The dichotomy between the farmer and the snake may not be so simple after all. Because even an idiot knows better than to shelter a snake. Nor does a snake appeal to any normal person as a creature that needs sheltering. Is it only misguided pity that draws a man to shelter a snake, or something else entirely. Because the very idea that good will be repaid with good and evil with evil has something else lurking in it as we've already seen. The farmer's logic can be read both ways, the naive man who genuinely expects that only good can come of good until he dies of that sort of thinking, or the evil man who believes initially that he is safe from the snake because the snake's evil as his own, can only come as the result of some external force. For the farmer to act as he does, he must believe that the snake is not evil, and such a belief is the province of the very naive or the very evil.
And so we return to September 1, 1939 again. To Hitler's tanks riding into Poland. To the inability to describe evil as evil. And we return to September 11, 2001 as well. And to so many other days. To free countries beleaguered by an enemy within its own borders, by the snakes they have taken to them, kept warm and perish, poisoned by their bites. But the curious thing is the sight of all these farmers lovingly clutching handfuls of poisonous snakes to them, proclaiming how wonderful they are, and shouting down anyone who would warn them about the poison. That deadly poison.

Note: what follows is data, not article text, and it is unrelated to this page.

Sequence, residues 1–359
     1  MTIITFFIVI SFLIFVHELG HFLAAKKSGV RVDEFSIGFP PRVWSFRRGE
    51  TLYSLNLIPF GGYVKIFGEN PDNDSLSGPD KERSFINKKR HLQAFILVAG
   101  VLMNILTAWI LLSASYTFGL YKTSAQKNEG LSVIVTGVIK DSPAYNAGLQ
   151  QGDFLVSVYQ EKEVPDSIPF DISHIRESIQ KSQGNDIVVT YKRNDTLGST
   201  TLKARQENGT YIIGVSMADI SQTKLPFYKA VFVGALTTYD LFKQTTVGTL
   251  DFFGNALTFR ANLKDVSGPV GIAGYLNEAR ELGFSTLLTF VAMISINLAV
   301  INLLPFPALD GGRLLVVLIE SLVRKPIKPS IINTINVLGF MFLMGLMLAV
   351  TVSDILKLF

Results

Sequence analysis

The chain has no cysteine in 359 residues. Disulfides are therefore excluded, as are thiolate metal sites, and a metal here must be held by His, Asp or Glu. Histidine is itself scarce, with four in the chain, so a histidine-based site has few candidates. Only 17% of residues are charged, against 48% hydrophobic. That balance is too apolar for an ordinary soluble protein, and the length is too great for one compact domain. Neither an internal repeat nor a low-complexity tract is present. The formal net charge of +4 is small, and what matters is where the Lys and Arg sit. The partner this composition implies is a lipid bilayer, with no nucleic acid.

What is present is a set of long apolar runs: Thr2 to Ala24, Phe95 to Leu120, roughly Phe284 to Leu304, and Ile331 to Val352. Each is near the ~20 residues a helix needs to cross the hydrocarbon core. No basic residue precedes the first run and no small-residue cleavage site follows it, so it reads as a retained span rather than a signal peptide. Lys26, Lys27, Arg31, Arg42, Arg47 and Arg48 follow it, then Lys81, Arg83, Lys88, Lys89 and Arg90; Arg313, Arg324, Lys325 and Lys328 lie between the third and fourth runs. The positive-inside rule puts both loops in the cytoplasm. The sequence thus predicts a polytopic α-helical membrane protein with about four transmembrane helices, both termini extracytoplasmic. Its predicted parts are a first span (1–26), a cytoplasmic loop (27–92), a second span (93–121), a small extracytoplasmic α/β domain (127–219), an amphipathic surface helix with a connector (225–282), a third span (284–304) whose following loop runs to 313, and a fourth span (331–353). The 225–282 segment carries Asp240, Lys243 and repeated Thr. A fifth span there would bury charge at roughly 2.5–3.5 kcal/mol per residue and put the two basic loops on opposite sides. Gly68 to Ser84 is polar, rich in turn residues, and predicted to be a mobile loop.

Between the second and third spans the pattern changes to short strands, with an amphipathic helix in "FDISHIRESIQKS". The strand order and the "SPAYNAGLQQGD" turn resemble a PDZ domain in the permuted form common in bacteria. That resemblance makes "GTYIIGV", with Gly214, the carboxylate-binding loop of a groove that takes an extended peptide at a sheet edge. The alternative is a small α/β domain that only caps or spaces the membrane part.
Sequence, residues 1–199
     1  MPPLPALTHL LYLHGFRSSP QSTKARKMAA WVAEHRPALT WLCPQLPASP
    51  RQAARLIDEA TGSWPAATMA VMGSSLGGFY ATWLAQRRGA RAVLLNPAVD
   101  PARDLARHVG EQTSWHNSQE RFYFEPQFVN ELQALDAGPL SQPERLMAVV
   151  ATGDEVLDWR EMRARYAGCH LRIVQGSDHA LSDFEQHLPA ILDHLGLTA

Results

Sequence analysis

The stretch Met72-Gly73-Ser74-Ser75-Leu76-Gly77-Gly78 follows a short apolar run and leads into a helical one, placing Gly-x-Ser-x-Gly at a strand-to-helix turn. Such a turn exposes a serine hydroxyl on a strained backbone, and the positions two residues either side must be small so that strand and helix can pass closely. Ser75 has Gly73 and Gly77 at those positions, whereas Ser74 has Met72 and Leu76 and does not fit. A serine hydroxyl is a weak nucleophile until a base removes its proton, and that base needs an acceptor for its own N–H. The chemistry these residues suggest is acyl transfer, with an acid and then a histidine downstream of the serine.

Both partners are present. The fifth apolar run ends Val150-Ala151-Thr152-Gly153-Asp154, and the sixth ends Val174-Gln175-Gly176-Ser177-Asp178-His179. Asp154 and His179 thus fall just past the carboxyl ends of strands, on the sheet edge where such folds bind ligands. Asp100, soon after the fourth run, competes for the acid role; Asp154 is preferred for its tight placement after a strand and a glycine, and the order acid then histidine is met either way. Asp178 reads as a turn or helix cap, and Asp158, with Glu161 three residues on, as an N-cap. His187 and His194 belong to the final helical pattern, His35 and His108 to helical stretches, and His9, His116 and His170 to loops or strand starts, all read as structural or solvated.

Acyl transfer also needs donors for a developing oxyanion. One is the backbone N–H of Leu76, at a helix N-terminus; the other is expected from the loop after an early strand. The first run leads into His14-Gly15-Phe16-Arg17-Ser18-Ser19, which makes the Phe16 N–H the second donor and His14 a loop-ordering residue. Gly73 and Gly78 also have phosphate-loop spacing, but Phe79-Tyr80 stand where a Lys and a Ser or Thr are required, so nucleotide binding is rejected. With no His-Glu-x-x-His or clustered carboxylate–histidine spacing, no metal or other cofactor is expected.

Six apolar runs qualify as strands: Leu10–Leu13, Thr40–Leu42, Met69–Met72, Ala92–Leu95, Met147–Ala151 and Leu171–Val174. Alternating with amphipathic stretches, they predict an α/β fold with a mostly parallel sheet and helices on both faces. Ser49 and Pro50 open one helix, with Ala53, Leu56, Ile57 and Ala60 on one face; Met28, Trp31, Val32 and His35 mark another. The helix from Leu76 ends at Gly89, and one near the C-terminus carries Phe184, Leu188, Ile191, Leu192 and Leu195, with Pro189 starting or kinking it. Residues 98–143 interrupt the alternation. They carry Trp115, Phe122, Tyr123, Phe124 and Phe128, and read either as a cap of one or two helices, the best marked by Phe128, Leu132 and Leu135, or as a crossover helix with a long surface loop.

But as Aesop already knew some 2500 years ago; The greatest kindness will not bind the ungrateful. Virtually every civilized country affected by Muslim terror, has responded by trying to make life better for Muslims. But no matter how much they warm the snake, it still bites. The snake will always bite.
Only the fool or the sociopath genuinely believes that evil is returned only for evil. That snakes will only bite you, if you bite them first. That if you warm them and cuddle them, they will warm and cuddle you in turn. Things that are poisonous bite. And Islam has been carrying around poison in its fangs for far too long to expect events to go otherwise.
That is the problem of the farmer who believes that inside he is really a snake, and the snake who believes he is really a farmer. For if there is no difference between good and evil, but that those who do good have had good done to them, and those who do evil, have had evil done to them-- then we can welcome in the snakes and it will be alright. Because we are all snakes inside. And it is only by warming snakes, that we change that. This in essence is the worldview of liberalism. This is the key to much of its madness. And so they pick up the snake, and are bitten and die, wondering why their worldview which seemed so right, proved to be so wrong. And we die with them. For the farmer has carried the snake home, made a nest for it, and filled his home and the homes of his neighbors with snakes. And as a post-mortem it may be hard to know where the farmer began and where the snake ended.